“Sacrality and Materiality: Locating Intersections” inaugurates a dialogue about these issues.
This is for those of you who enjoy biographies and learning about folk you’ve most likely never heard of, but should: Otto Scheel (1876–1954) – Eine biographische Studie zu Lutherforschung, Landeshistoriographie und deutsch-dänischen Beziehungen.
Als Kirchengeschichtsprofessor in Tübingen eminente Größe der Lutherforschung, ab 1924 fachfremd erster Ordinarius für Landesgeschichte in Kiel, zwischen Weimarer Republik und NS-Zeit Protegé des Auswärtigen Amtes im deutsch-dänischen Kulturkontakt – das Leben Otto Scheels (1876–1954) ist reich an Facetten. Mit Blick auf die drei genannten Themenfelder bietet es einen besonderen Blick auf das „deutsche ‚Zeitalter der Extreme‘“ und dient daher als analytische Sonde, um jenseits eines spannungsreichen und schillernden Personalen übergeordnete Fragen der Wissenschafts- sowie der allgemeinen Geschichte zu untersuchen.
In theologiegeschichtlicher Perspektive steht dabei erstens Scheels Gang aus dem liberaltheologischen Lager in die Reihen der NS-affinen Universitätstheologen im Fokus, der sowohl ein Schlaglicht auf die Genese des kulturprotestantischen Gelehrtenmilieus als auch der modernen Lutherforschung wirft.
Mit der kritischen Vermessung des Landesgeschichtsprofessors wird neben der Geschichte schleswig-holsteinischer Landeshistoriographie zweitens erhellt, inwieweit Landes- bzw. Regionalgeschichte im Norden Deutschlands einer Ideologisierung historischer Wissenschaft im Sinne des Nationalsozialismus Vorschub geleistet hat. Als drittes zentrales Untersuchungsfeld wird anhand von Scheels Position im deutsch-dänischen Beziehungsgeflecht ausgelotet, welche Rolle akademische Interventionsversuche in der Auseinandersetzung nicht nur um Grenz- und Minderheitenfragen spielten.
The link above takes you to a flip-book which opens to the front matter of the volume. Having worked through the volume I can assert without fear that it is finely written and teaches much. As with several V&R volumes, which focus on persons scarcely known, especially in the United States, this work is eye opening. So many unknown theologians worth knowing lie in our past that it simply astonishes.
As the volume opens, Mish writes
Otto Scheels Leben aus der Perspektive der Trauernden Revue passieren zu lassen, soll nicht nur dem Zweck dienen, die außerordentliche Wertschätzung seiner Person zum Zeitpunkt des Todes zu illustrieren. Der frühe Gang ans Grab des Protagonisten der vorliegenden Untersuchung ist ebenso der schlichten Notwendigkeit geschuldet, einleitend die wichtigsten Wegmarken einer Vita abzustecken, deren nähere Kenntnis vorauszusetzen nicht möglich ist. Allen lobenden Worten, Ehrerbietungen und Versprechen des würdigen Andenkens zum Trotz ist Otto Scheel heute weitgehend vergessen. Darüber hinaus sind die für Trauerfeiern charakteristischen Positivbilanzen von wissenschaftlichen Untersuchungen, sofern sie Scheel berücksichtigten, nur in Teilen bestätigt worden.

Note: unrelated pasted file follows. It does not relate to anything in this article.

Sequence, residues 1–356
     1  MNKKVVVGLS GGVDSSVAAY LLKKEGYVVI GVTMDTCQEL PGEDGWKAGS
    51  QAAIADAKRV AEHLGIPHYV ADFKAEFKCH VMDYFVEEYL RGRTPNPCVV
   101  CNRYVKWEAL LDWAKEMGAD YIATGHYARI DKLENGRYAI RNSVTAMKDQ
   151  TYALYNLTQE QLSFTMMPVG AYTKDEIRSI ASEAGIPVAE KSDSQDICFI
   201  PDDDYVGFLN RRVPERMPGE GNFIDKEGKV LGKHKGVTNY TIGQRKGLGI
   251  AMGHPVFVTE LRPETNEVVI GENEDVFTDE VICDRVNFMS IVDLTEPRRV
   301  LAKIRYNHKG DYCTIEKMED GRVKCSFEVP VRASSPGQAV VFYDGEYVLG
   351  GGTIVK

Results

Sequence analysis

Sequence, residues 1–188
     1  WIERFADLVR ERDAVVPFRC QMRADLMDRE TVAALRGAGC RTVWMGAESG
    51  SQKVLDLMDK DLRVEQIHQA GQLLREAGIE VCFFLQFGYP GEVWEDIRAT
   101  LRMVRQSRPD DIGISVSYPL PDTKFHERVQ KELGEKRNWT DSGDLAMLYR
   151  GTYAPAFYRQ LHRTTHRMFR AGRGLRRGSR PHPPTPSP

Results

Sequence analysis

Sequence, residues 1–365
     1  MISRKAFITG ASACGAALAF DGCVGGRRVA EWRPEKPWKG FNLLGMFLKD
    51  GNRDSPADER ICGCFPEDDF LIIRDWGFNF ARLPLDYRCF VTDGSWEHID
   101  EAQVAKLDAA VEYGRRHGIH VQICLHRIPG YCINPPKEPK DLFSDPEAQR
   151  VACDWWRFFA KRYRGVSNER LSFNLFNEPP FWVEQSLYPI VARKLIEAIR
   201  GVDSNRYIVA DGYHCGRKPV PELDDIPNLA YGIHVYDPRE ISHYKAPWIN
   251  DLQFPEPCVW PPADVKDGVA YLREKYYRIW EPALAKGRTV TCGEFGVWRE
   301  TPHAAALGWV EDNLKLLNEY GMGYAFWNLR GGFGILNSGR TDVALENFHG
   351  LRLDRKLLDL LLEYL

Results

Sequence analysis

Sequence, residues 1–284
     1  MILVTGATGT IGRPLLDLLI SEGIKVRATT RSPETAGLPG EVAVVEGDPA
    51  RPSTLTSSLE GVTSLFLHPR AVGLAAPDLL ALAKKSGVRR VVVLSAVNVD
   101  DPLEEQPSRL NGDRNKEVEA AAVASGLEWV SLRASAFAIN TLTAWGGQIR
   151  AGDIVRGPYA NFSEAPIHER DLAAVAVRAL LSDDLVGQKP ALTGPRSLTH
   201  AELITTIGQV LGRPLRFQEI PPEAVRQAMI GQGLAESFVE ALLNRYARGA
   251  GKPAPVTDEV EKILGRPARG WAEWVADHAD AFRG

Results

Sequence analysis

A spectacular paragraph indeed which leads to many more of like kind. Mish clearly and obviously knows both his subject and his audience and he knows how to bridge the gap between historical past and theological present.
But the chief reason that this book is so engaging is because it discusses the actions and writings of a man who occupied that bit of time called the Nazi era in Hitler’s Germany. For the present reviewer, that period of time and that particular place are endlessly fascinating because the near total capitulation of the Church to the State is an ever recurring fear.
Hinweise auf Scheels Position im nationalen Gegensatz zwischen Deutschland und Dänemark während der NS-Zeit hat die neuere Forschung ebenfalls liefern können. Hier ist in erster Linie eine Reihe von Arbeiten zu erwähnen, die sich unter anderem dem von Scheel geleiteten Deutschen Wissenschaftlichen Institut im besetzten Kopenhagen widmen. Sie lassen keinerlei Zweifel daran zu, dass es sich bei dem Institut um eine Propagandaeinrichtung der Okkupationsmacht handelte.
Scheel’s particular interests, as Church historian, were Augustine and Luther. So, accordingly, not only will persons interested in biography and persons interested in the Church in Nazi Germany find this work important: those who are engaged in Augustine studies and Luther studies will as well.
Wenn Luther in Scheels Darstellung ohne jedwede Außergewöhnlichkeiten Eingang in die Ordensgemeinschaft fand, entsprach dies ganz und gar dem Bild, welches er im vorangegangenen Band vom Werdegang des Reformators gezeichnet hatte. Hier war die Neigung zur Entdramatisierung von dessen Lebenslauf ebenfalls nicht zu übersehen.
Throughout the author makes the thought of Scheel crystal clear and comprehensible. This is a fine volume and a fine addition to the genre of theological biography. I can recommend it without any remorse.
Eerdmans have sent a review copy of this very, very new volume without any expectation of either a positive or negative outcome of said review.
Over the centuries, the prophetic book of Zechariah has suffered from accusations of obscurity and has frustrated readers seeking to unlock its treasures. This work by Mark Boda provides insightful commentary on Zechariah, with great sensitivity to its historical, literary, and theological dimensions. Including a fresh translation of Zechariah from the original Hebrew, Boda delivers deep and thorough reflection on a too-often-neglected book of the Old Testament.
It is a massive book. And that means it will take some time to work through. Stay tuned.